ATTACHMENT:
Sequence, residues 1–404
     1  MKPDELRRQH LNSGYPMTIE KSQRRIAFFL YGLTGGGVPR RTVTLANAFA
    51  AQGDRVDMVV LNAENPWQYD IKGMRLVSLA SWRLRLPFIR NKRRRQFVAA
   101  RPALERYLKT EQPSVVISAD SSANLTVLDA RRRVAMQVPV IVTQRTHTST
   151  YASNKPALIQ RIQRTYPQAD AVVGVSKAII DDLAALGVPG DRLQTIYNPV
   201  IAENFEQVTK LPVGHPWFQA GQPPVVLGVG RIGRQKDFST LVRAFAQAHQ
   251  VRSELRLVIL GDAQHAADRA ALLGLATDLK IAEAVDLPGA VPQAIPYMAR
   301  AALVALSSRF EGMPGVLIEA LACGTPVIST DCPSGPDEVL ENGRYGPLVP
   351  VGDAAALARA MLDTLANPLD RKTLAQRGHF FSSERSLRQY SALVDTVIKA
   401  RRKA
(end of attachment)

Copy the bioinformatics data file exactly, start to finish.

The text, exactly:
Sequence, residues 1–404
     1  MKPDELRRQH LNSGYPMTIE KSQRRIAFFL YGLTGGGVPR RTVTLANAFA
    51  AQGDRVDMVV LNAENPWQYD IKGMRLVSLA SWRLRLPFIR NKRRRQFVAA
   101  RPALERYLKT EQPSVVISAD SSANLTVLDA RRRVAMQVPV IVTQRTHTST
   151  YASNKPALIQ RIQRTYPQAD AVVGVSKAII DDLAALGVPG DRLQTIYNPV
   201  IAENFEQVTK LPVGHPWFQA GQPPVVLGVG RIGRQKDFST LVRAFAQAHQ
   251  VRSELRLVIL GDAQHAADRA ALLGLATDLK IAEAVDLPGA VPQAIPYMAR
   301  AALVALSSRF EGMPGVLIEA LACGTPVIST DCPSGPDEVL ENGRYGPLVP
   351  VGDAAALARA MLDTLANPLD RKTLAQRGHF FSSERSLRQY SALVDTVIKA
   401  RRKA